Executive Summary

Next to clean water, no single intervention has had so profound an effect on reducing mortality from childhood diseases as has the widespread introduction of vaccines. Immunization, the process in which the body's own protective mechanisms are primed to thwart the invasion or multiplication of pathogens, is effective and relatively inexpensive, simple, and easy to deliver.

The use of vaccines is not entirely without risk, however. Vaccines, including the whole-cell pertussis (whooping cough) vaccine and the rubella (German measles) vaccine, the subjects of this report, typically contain small quantities of material derived from disease-causing organisms. The pertussis vaccine contains dead bacteria and is termed a killed or inactivated vaccine; the rubella vaccine contains laboratory-weakened live viruses and is termed a live, attenuated vaccine.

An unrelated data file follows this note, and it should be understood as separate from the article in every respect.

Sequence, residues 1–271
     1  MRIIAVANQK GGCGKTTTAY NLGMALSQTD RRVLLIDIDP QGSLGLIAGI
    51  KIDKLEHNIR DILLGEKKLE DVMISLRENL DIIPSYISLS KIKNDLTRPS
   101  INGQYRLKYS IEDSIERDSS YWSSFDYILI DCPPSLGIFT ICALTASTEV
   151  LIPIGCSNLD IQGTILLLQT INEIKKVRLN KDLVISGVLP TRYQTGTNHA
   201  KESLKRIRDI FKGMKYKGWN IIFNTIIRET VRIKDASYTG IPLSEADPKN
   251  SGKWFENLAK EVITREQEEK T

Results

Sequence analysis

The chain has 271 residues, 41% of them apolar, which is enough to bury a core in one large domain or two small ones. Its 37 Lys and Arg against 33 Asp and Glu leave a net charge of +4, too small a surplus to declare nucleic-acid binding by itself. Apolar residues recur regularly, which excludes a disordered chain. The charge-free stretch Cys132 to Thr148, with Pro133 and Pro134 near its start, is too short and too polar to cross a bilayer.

This study responds to a request to the Institute of Medicine (IOM) to conduct a thorough review of the evidence pertaining to a set of serious adverse events and immunization with pertussis or rubella vaccine. The request to IOM originated in the 1986 National Childhood Vaccine Injury Act (Public Law 99-660), whose primary purpose was to establish a federal compensation scheme for persons potentially injured by a vaccine. Section 312 of Public Law 99-660 called for IOM review of scientific and other information on specific adverse consequences of pertussis and rubella vaccines. The 11-member interdisciplinary committee, constituted

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